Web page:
Researchers have created heat maps to show viral hot-spots around the world, by working out which animals are most likely to spread illnesses and where.
The maps show where existing flaviviruses – infectious viruses spread mostly by mosquitoes and ticks – or similar new ones are most likely to surface and spread in the future.
For example, Japanese encephalitis is most likely to break out in Western Europe, while the West Nile Virus is a major threat in North America.
Information about thousands of bird and mammal species was involved in the study and researchers say it will help predict and track viruses around the world.
Researchers from the University of California, Davis, have charted where they think future outbreaks of known viruses or similar strains will happen.
Viruses such as Zika, dengue and West Nile tend to be transmitted to people – at least in the first instance – from warm-blooded animals via mosquitoes.
Scientists have compared information about every known bird and mammal species on earth to work out which ones carry different types of viruses.
Working out where animals are most likely to be affected by certain viruses can provide clues about where they are most likely to take hold and spread to people.
They found Zika and yellow fever are most likely to break out in south-east Asia, particularly Indonesia and Malaysia, with other hot-spots in Europe and Africa.
People are at highest risk of West Nile Virus in the US, Mexico and the south of Canada, with a lower but not absent risk across Europe and Russia.
The St Louis encephalitis and Usutu viruses are also likely to be found in the same areas, the study found.
Dengue, which is common and can cause fever, vomiting and rashes, is most likely to break out in South America in Brazil and surrounding countries.
Yellow fever (YFV) and Zika (ZIKV) or similar viruses are most likely to break out in south-east Asia (red and orange), with some risk areas in Africa, Europe and South America (yellow)
West Nile Virus (WNV), St Louis encephalitis (SLEV) and Usutu (USUV) are all most likely to affect North America, according to the study, with some risk in eastern Europe and Russia as well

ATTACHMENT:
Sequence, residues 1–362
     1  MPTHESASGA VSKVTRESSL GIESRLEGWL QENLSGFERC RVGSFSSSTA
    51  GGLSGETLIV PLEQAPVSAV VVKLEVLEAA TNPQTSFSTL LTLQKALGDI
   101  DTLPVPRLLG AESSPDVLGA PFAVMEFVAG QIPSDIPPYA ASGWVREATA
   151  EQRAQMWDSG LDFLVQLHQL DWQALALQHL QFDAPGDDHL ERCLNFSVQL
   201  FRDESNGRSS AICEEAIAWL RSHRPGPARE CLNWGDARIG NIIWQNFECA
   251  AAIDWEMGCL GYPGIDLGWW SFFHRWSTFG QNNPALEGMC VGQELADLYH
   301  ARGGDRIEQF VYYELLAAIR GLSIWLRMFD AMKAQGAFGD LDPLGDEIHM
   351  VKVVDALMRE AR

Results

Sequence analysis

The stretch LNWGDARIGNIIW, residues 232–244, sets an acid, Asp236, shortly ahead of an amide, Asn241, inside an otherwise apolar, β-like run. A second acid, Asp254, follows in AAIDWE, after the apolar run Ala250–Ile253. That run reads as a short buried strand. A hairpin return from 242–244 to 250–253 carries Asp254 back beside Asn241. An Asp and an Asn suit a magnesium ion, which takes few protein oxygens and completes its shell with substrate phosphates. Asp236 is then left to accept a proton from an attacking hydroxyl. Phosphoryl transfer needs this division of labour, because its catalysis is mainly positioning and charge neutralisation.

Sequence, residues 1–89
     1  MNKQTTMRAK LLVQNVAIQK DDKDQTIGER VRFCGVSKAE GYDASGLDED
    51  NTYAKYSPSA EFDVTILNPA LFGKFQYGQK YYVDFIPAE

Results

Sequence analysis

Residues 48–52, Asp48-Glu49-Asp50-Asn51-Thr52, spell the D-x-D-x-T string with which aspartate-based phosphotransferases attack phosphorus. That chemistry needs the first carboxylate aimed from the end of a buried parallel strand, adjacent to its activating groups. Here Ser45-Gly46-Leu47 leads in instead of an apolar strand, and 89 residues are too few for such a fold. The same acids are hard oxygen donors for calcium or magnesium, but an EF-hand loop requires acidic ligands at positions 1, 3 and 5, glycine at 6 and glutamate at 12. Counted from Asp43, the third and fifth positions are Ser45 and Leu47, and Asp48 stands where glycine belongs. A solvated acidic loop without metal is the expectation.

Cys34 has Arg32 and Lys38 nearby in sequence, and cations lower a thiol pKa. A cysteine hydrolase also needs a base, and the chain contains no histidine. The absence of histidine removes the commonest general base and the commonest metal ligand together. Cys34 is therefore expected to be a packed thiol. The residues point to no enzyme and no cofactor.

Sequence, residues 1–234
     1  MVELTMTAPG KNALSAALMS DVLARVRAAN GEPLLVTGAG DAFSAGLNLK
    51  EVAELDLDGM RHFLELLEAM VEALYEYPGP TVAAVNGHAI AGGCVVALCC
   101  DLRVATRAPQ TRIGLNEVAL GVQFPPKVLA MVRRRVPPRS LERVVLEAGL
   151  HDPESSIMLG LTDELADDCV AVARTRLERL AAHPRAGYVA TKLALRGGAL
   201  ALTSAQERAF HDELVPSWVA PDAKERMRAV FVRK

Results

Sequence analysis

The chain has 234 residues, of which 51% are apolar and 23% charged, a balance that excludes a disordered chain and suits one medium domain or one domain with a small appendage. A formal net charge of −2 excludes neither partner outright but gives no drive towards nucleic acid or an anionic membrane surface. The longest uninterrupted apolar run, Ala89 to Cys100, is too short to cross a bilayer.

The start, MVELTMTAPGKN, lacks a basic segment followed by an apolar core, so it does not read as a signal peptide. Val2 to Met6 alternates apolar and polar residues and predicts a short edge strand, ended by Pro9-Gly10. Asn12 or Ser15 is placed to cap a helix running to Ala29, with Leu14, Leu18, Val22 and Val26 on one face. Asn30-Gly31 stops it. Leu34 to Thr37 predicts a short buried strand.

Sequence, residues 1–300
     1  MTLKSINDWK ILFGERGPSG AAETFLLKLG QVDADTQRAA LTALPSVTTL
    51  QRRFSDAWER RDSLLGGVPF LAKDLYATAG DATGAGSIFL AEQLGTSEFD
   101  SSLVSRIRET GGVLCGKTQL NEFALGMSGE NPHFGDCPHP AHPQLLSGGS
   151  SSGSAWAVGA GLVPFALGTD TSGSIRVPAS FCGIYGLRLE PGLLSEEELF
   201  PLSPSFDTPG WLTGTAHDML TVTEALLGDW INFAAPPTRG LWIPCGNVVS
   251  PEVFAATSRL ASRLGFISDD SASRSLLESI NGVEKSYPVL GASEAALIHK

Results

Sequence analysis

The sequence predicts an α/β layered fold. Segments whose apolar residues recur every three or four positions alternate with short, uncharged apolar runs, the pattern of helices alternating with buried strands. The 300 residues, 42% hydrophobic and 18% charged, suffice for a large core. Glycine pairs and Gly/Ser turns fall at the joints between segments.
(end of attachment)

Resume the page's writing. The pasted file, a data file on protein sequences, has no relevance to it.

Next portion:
Tick-borne encephalitis (TBEV), an infection which can damage people's brains, is most likely to surface in Russia and northern Europe, researchers showed
According to the research, Western Europe is most at risk of an outbreak of Japanese encephalitis, a brain infection found in pigs which can cause seizures, paralysis and even death in severe cases in humans.
Tick-borne encephalitis, another brain infection, is also most likely to break out in Europe, though further to the east and into Russia.
When flaviviruses infect people they often cause fevers, headaches, tiredness and rashes, muscle or joint pain and some cause nausea or vomiting.
Most people only suffer mild illness and recover quickly but complications can be life-threatening.
Less well-known viruses Rio Bravo, Entebbe bat and Dakar bat – the latter of which are both carried by bats – are also most likely to be found in South America.
'If there's an outbreak anywhere in the world tomorrow, we now know which wildlife species are most likely to be infected in addition to humans,' said lead author Pranav Pandit.
Rio Bravo virus (RBV), Entebbe bat virus (ENTV) and Dakar bat virus ( DBV ) are all most likely to be found in South America in Brazil and the surrounding countries, the study found
Dengue, an infection common in tropical countries, is also most likely to break out in South America, according to the study based on the types of animals living there
Japanese encephalitis (JEV) is most likely to spread among animals and birds in northern and western Europe, the University of California scientists said
Around 10,400 bird species and 5,400 mammals were included in the study to work out which were most likely to host contagious diseases.
Some animals identified as potential carriers were associated with viruses for the first time.
For example, 139 new hosts for dengue were discovered among the 173 species the study predicted could carry the virus.
Researchers said the knowledge will be useful for tracking the spread of viruses among animals, because testing for flaviviruses can be difficult.
If they target the correct species they can now test for diseases using non-invasive methods like taking saliva samples from sticks chewed by primates, for example.
Co-author, Professor Christine Kreuder Johnson added: 'We needed this modeling technique to help us understand the most likely hosts for these viruses in their natural habitat.
'That's important for both global health and wildlife conservation.'
The research was published in the journal Nature Communications.
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